Adventures Of Fatherhood

It’s hard to say what will be remembered years from now, but I’m quite sure I will never forget my oldest son scoring his first soccer goal.

Sports were a big part of my life as a kid, and I want that for my boys as well. My wife feels the same. That’s why they are both at a young age playing soccer. Beckett is now playing in his fourth soccer league, and this winter marks Carson’s first foray into organized sports.

Although there have been several close encounters over the last year or so, Beckett scored his first goal last Saturday during his indoor soccer game. While the goal was less than miraculous (he kicked it hard, but the ball actually went through the goalie’s legs), his excitement was such a pleasure to witness.

One of the more memorable parts of it was when he scored he looked around immediately for “Coach Daddy” to celebrate. As we hugged, he said all sorts of silly things, but what I remember most was him saying, “yeah let’s go and get that milkshake now”.

I convinced him he needed to play the rest of the game, but it was understandable that was on his mind. A milkshake was the prize I dangled earlier that morning if he played well and gave it his all and kept his hands to himself during the game. He has a propensity for getting a little “handsy” with the opposing players if he can’t get to the ball or they run by him too fast.

In previous seasons, I promised a cartwheel on the field for good effort and energetic play, but sadly the days of pulling off anything resembling a cartwheel are well behind me.

Actually, I’m not sure I was ever the cartwheel type, but I’m all about doing whatever it takes to motivate and keep the attention of 3- and 4-year-olds on the soccer field. Fortunately, he forgot about the cartwheel and it helped that it was replaced with a milkshake.

He’s been asking about another one all week.


Though it wasn’t much snow last weekend, there was enough of it for a snowball fight of sorts.

It didn’t matter to me how much snow was on the ground. After being stuck inside during the rain and snow the previous afternoon, I was getting outside with my kids one way or the other to burn some energy and get some fresh air.

As is the case with most things with my 4- and 3-year-old boys, there were ups and downs associated with our snow adventure.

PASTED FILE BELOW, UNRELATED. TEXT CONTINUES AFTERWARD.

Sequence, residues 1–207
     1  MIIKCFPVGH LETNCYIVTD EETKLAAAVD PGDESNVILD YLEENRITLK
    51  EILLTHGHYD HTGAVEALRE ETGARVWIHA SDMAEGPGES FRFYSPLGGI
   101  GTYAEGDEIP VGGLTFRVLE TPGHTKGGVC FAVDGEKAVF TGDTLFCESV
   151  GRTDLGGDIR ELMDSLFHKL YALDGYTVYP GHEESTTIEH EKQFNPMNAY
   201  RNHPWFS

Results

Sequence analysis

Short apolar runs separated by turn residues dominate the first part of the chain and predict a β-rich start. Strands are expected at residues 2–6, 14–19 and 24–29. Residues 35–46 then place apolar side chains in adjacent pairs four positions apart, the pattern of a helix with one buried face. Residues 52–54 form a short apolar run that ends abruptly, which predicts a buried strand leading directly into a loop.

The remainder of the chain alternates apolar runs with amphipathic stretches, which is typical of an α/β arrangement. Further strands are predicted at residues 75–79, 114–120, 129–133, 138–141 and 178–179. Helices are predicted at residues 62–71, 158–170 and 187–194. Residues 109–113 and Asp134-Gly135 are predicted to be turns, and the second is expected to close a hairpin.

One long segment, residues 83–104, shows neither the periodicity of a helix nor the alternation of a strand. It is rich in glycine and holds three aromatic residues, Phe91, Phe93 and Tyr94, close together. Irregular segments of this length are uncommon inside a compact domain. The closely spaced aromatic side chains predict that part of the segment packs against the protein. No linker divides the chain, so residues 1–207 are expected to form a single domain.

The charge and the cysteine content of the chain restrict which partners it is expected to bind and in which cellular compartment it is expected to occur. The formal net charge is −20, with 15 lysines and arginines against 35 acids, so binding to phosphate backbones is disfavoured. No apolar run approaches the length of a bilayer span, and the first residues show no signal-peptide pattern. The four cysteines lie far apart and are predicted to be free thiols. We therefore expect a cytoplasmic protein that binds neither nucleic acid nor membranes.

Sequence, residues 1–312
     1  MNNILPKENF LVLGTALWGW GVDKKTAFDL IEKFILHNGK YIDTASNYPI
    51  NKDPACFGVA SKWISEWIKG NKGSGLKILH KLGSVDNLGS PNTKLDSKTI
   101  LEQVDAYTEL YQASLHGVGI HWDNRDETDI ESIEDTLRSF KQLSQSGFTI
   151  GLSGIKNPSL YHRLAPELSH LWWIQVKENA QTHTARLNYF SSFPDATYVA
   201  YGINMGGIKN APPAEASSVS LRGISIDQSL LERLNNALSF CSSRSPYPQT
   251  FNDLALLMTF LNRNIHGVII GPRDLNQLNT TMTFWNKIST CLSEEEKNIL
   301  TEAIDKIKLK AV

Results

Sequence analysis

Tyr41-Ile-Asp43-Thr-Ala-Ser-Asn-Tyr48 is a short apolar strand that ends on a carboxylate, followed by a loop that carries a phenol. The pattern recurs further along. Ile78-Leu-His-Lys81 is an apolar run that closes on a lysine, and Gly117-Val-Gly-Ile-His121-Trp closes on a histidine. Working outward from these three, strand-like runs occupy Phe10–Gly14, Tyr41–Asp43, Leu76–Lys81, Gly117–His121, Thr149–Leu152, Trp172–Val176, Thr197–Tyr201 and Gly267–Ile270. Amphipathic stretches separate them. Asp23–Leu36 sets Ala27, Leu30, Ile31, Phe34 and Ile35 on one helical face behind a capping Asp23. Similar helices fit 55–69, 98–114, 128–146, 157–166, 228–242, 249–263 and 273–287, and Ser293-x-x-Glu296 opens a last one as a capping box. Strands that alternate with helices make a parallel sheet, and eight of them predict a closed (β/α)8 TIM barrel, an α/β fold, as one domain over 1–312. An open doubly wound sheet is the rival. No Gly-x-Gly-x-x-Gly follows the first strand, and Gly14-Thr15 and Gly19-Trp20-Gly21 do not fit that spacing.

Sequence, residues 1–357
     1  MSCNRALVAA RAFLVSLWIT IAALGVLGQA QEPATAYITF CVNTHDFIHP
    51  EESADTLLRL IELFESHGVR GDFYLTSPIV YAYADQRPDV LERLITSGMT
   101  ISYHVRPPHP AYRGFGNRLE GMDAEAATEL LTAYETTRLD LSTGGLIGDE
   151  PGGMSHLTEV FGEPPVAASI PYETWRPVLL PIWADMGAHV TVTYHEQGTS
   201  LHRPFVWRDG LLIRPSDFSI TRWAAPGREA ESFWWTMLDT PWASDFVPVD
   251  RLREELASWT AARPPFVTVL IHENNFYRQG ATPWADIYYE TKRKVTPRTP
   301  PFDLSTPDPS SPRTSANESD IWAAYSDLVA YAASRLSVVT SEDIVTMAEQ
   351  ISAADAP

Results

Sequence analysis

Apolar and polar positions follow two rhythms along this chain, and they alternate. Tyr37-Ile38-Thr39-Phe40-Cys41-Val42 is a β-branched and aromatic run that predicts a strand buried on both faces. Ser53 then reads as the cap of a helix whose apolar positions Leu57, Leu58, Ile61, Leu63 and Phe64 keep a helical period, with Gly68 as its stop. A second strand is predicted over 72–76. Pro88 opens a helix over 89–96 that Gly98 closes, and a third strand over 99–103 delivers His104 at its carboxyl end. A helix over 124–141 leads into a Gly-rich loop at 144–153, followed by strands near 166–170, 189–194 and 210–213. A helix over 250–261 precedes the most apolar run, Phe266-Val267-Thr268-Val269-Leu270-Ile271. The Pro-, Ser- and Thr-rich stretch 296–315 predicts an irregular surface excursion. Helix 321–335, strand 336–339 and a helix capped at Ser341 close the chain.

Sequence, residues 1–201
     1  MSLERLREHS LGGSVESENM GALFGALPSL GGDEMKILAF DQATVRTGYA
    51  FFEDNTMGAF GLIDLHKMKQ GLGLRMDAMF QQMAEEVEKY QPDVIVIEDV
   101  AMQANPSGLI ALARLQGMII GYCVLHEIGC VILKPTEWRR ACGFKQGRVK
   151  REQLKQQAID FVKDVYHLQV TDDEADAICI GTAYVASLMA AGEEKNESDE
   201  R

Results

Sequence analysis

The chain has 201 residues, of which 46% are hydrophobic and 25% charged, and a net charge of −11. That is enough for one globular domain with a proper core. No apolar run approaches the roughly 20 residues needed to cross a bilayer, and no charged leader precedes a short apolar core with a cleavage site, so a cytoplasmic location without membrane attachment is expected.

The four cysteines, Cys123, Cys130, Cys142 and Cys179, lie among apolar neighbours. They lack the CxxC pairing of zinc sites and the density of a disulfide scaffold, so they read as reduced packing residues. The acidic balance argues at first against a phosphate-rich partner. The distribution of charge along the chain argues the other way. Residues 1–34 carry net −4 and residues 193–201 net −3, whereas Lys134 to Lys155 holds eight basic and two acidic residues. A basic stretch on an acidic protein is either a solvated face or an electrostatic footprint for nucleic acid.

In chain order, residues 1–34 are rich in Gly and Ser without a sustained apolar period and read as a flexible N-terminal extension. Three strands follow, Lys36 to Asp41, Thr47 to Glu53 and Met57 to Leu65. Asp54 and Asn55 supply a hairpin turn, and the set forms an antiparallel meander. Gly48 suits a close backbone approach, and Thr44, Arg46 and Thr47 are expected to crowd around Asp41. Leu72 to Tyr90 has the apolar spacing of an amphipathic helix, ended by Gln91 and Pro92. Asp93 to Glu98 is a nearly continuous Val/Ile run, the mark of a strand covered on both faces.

Since they had so many layers of clothes on, neither could move too fast, and that was a nice change of pace. Additionally, I didn’t have to worry about anyone getting hurt from falling down or hitting each other because of all the padding.

However, that doesn’t mean there were not challenges.

The biggest issue was Carson absolutely refusing to wear his gloves, despite several attempts to encourage him otherwise. When his will proved stronger than mine, I let him see for himself why he needed to wear them. I was curious what he would do without the gloves, and he, of course, went right for the snow and a delayed reaction later he was crying because his hands were freezing.

He was a little more accepting of the gloves after that for a bit, before again tossing them off, signaling our playtime outside was nearly complete as my frustration level reached its peak.

However, before that, the three of us did have a quasi-snow ball fight. It came with rules, some set by me, such as no throwing in the face or no putting snow down anyone’s pants (been there, done that already), but most guidelines were set by Beckett.

The most important rule to him was the size of the snow balls. He originally wanted them all to be the size of soccer balls. When I asked him why, he said, “so it would get Carson’s entire head.”

After it was pointed out to him the rule was nothing thrown toward the face, he said, “oh man, I said the head, not the face.” He’s a stickler for the facts when he wants to be.

I also told him there was not enough snow to make them that big, and he acquiesced, reporting it would be acceptable if they were a little bit smaller (with gloved fingers barely apart).

Much to my surprise, Beckett seemed to prefer to get hit with snowballs than throw them. Invariably, each time he was hit, he would fall to the ground as if he was acting out some sort of explosion. That can easily be traced back to his current fascination with superheroes.

When he actually was wearing his gloves, Carson got in the act by throwing a couple. When I wasn’t making the snowballs fast enough, he took the opportunity of his big brother’s back being turned to give him some blindside pushes, resulting in both of them falling down together. Both seemed to enjoy that quite a bit.

Whenever both were off their feet, I took the opportunity of bombarding them with snowballs, ignoring the calls of it’s unfair, pleads to stop and giggling.

After roughhousing in the snow together for a while, Carson immediately got up and threw off his gloves. Beckett immediately followed suit, and both boys picked up the snow and started whining how cold it was. The next thing I know we are headed inside and the boys were greeted by hot chocolate from their mother.

They need it because their hands were frozen. One day they will learn.

About The Author: Steven Green

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The writer has been with The Dispatch in various capacities since 1995, including serving as editor and publisher since 2004. His previous titles were managing editor, staff writer, sports editor, sales account manager and copy editor. Growing up in Salisbury before moving to Berlin, Green graduated from Worcester Preparatory School in 1993 and graduated from Loyola University Baltimore in 1997 with degrees in Communications (journalism concentration) and Political Science.